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Mo Isap has recently been appointed to The Careers & Enterprise Company’s Board of Directors. Mo brings with him a wealth of experience across both industry and education. As Founding Director and Vice Chair of Star Academies, as well as founder and CEO of tech company IN4.0 Plc, Mo reflects on how we can work towards a more collaborative and responsive education system that better prepares young people for the changing world of work.

Throughout my career, I’ve always tried to adhere to the mantra of ‘doing both.’ I was inspired by CISCO’S Inder Sidhu and the lessons he taught, based around the construction of a world-famous landmark.

Before the Golden Gate Bridge was erected, ‘doing both’ was not a concept that was widely considered in construction. A large transport bridge could either be functional, sacrificing its appearance, or it could be aesthetically pleasing whilst being unable to sustain the challenges a construction of its type could face. In the case of the Golden Gate Bridge, to be able to withstand the risks of being so close to the San Andreas Fault, it was thought that elegance had to be sacrificed. But what was unveiled in 1937 could do both. It is still seen as a work of art and attracts millions of tourists every year, yet it also has the capabilities to survive challenges such as high velocity winds, heavy loads and even devastating earthquakes.

The fundamental challenges these designers faced are shared in the education and careers sector today. There is a consistent debate about whether schools should focus on making sure their children pass their exams, or commit to experiential education to prepare them for what comes after. The problems the former present could be that the younger generation cannot apply their studies to their future employment, while the latter could mean our children cannot get the qualifications, they need to pursue work in the first place.

Comparing different approaches

It is worth looking at the extremes of education systems around the world to see this debate in action. South Korea’s focus on academic success, while managing to achieve 100% literacy, has put immense pressure on both students and teachers alike. Whereas in Finland, school days are short and extra-curricular activities are school sponsored, in the belief that most learning takes place outside of the classroom.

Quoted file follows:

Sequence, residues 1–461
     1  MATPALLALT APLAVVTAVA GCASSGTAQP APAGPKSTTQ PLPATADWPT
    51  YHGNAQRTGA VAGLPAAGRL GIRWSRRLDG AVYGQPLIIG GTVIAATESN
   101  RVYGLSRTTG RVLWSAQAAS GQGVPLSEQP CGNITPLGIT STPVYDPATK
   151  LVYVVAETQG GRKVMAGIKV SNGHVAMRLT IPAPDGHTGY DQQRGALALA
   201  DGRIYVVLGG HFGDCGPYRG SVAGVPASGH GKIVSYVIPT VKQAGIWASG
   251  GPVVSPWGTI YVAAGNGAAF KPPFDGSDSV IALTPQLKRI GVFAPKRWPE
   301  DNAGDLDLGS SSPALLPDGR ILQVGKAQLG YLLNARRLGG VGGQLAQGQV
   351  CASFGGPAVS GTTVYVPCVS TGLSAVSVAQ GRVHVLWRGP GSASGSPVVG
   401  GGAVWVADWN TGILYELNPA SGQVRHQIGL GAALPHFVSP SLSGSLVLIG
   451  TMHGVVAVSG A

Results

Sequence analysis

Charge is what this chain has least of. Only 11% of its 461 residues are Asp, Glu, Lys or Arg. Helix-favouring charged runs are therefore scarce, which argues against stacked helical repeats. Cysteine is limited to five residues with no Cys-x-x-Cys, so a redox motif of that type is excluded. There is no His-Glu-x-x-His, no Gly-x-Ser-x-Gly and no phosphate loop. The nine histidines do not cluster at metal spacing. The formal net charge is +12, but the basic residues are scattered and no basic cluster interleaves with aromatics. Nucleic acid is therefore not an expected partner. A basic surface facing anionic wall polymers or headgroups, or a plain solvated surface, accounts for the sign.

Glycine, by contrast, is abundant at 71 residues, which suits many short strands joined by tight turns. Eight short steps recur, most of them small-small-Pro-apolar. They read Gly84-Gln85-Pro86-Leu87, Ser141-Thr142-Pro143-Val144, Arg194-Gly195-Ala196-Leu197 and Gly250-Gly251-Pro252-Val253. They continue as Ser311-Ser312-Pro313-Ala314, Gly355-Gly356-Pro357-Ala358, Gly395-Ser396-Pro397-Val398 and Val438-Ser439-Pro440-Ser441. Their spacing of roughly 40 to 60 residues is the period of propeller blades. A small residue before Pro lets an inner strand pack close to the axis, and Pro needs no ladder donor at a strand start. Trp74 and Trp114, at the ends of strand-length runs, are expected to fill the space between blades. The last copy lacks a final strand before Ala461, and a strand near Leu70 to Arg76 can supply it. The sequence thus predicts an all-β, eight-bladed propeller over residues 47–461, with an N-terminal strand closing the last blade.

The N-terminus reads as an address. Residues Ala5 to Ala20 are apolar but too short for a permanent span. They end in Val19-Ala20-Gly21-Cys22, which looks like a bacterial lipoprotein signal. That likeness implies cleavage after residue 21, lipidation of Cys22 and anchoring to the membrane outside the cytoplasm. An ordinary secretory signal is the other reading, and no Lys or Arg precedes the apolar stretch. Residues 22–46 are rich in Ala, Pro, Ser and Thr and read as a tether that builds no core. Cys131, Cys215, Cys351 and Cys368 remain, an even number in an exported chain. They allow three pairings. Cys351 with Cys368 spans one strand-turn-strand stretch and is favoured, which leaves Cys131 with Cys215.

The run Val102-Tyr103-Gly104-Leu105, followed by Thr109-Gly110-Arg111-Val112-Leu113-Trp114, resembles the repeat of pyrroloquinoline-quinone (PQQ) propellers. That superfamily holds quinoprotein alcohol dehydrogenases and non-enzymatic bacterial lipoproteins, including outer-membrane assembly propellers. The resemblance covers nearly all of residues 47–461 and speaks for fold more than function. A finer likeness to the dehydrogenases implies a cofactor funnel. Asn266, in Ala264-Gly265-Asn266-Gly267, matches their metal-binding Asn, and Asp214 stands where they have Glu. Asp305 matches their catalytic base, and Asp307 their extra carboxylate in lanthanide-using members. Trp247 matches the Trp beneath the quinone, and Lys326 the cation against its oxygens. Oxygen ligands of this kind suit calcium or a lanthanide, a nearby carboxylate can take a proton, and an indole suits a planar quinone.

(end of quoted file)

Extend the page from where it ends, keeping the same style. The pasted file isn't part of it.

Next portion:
But does this always provide a proper basis for the young generation’s future careers? The value of each method is clear, but the real challenge is deciding which system to commit to. We mostly end up making false choices, an either or, A or B. Why don’t we seize the opportunity rather than endure the sacrifice?

Just like the pioneers in California, we must strive for the third option: doing both and harness the power of ‘and’. Why can’t we aim for academic success, whilst preparing our future trailblazers for the careers that lay ahead for them?

As Vice Chair of Star Academies, a multi academy and free schools trust, I have seen first-hand the power of seeking positive exam results, in conjunction with developing employability skills and providing access to world class careers opportunism. This is the multiplier we must try to create, and something I hope I can assist with in my role at The Careers and Enterprise Company. Here’s how I believe we can do both in careers and education.

All subject teaching is careers teaching

We must develop an augmented curriculum that has the capability of transforming knowledge transfer into applied learning. Mapping subject knowledge on how it’s used in industry, providing visibility of professions and careers. Engaging and inviting businesses to help co-design and contribute to the learning pedagogy must be encouraged. So, when the student asks: “But why do I need to learn this?” the teacher answer isn’t simply: “Because it’s going to be in the exam.” 

Students and partners 

In business we have customers and in education we have students, and rightly our focus should be on delivering excellence to them. However, I believe that nurturing long term partnerships with industry and enterprise can ensure our education is future-proofed. Schools can access considerable in-kind support, sponsorship and non-executive support. Each school should invest in building an external network of partners that are committed to the school’s endeavour and more importantly can provide access to quality world-of-work experiences.  

Quality and relevance

The quality of teaching is an integral KPI for schools, one that all school leaders prioritise and invest significantly into. Once a blueprint is established and delivered successfully the focus then is to exploit and sustain. However, teaching well does not necessarily mean that we are teaching relevance; the world of work is changing rapidly, and technology is disrupting processes and traditional systems. We must ensure that quality is combined with relevance, so our young people are equipped with the skills of curation, communication, collaboration and creativity to succeed.